Leave a small gap for an entrance and make a gate of compacted thorny branches. To close it, pull it shut with cordage from the inside to plug up the gap. Use a long pole to push it open again.
If you are in an area where snakes could pose a threat, rake the ground over around the outside of your stockade before you close it up for the night. Snakes prefer not to travel over newly disturbed ground.
Finally, build your shelter inside the stockade. This stockade will give you good protection from most small predators, even lion. However, the Masai have tales of lions jumping into a stockade and then you have a fight on your hands in an enclosed area that you cannot easily escape from. If you are in lion country, you need to surround the outer wall of your stockade with pointed stakes hammered into the ground at an angle to give further protection. Lions are more likely to attack a stockade containing livestock than humans — if this is any comfort. A stockade built in this way as a temporary survival technique will not stop larger animals; bears, for example, have been known to tear a stockade apart to get at the people inside.
How to make a snow–hole
To make a snow–hole (snow cave) you dig into a deep, compacted snowdrift (requires about 3 metres 10 feet of deep snow), which you'll usually find on the lee side of a wind–exposed ridge.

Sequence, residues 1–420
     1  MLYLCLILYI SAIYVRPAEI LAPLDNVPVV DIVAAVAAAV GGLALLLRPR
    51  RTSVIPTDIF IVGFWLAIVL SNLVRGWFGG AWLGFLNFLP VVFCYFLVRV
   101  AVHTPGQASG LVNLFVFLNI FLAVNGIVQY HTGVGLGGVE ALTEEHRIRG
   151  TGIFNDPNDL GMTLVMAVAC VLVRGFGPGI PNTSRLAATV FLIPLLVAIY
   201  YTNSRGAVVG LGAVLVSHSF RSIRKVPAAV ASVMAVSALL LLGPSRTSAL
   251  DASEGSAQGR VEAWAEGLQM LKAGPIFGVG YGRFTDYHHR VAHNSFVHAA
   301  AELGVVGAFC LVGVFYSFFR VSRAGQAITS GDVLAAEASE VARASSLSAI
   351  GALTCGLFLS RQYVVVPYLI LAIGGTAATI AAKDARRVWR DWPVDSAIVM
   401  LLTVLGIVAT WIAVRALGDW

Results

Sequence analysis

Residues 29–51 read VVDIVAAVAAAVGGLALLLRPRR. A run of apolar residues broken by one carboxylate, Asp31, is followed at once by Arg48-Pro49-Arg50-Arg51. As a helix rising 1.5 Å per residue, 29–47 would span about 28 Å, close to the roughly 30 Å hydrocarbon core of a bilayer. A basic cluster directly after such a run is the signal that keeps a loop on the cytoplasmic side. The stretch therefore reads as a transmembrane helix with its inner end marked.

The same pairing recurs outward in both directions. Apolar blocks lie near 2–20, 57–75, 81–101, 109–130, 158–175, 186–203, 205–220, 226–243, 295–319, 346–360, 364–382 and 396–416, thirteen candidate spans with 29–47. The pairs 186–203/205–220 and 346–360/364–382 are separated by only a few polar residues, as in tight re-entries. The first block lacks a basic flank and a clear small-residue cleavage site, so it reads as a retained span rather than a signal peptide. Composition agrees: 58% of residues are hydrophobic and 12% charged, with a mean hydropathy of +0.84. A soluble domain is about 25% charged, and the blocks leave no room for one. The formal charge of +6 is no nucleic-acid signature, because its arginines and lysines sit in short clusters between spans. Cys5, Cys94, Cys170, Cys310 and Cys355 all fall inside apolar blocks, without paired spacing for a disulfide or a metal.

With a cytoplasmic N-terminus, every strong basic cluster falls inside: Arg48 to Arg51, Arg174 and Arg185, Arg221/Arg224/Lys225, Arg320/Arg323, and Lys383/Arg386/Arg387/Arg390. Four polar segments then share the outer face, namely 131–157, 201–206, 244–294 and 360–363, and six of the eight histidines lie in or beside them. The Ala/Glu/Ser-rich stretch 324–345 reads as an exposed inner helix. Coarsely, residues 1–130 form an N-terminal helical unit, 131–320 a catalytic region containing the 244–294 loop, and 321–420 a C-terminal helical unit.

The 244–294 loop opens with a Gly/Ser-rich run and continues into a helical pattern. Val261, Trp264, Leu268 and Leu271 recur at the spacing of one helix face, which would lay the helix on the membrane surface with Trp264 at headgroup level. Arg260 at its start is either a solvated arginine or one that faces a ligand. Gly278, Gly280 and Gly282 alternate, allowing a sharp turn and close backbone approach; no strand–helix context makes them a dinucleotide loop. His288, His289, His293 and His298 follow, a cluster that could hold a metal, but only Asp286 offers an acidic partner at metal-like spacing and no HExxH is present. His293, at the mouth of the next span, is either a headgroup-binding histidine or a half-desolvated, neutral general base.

Excavate a hole large enough to lie down comfortably inside it. The construction is very important and means the difference between freezing to death and staying alive. A snow–hole is warmer to live in than any surface shelter, including a tent. It takes time to make, especially if you do not have a shovel and are digging with improvised tools. The snow–hole (above photo) was dug in the Grampian Mountains in February. Although you cannot tell the scale from the photo (we were more interested in getting under cover than in taking photos) it was large enough to accommodate four people and took five hours to dig out. We sheltered in it for three days to ride out a bad storm. It was a very cold and unpleasant but safer than ploughing through a blizzard driven by winds reaching 40 mph (18 m/s). An occasion when survival knowledge was vital.
Inglis and Doole's story
In 1982, Mark Inglis and Phil Doole were high up the slopes of New Zealand\'s highest mountain, Aoraki Mt. Cook, when a blizzard hit. They built an ice cave and waited for the storm to pass, but it would be 13 days before help could reach them. They survived on meagre rations, but in the cramped cave they lost circulation in their legs, which had to be amputated. This has not stopped the men's climbing careers. Both have gone on to summit Mt. Cook, and in 2006, Inglis became the first double amputee to conquer Mt Everest, losing five fingertips and more flesh off his legs to frostbite, though none of his strength of character. He told the New Zealand Herald, 'When you lose your legs when you're 23… something like this is just a minor hiccup, just a bump in the journey, really.
Making a snow–hole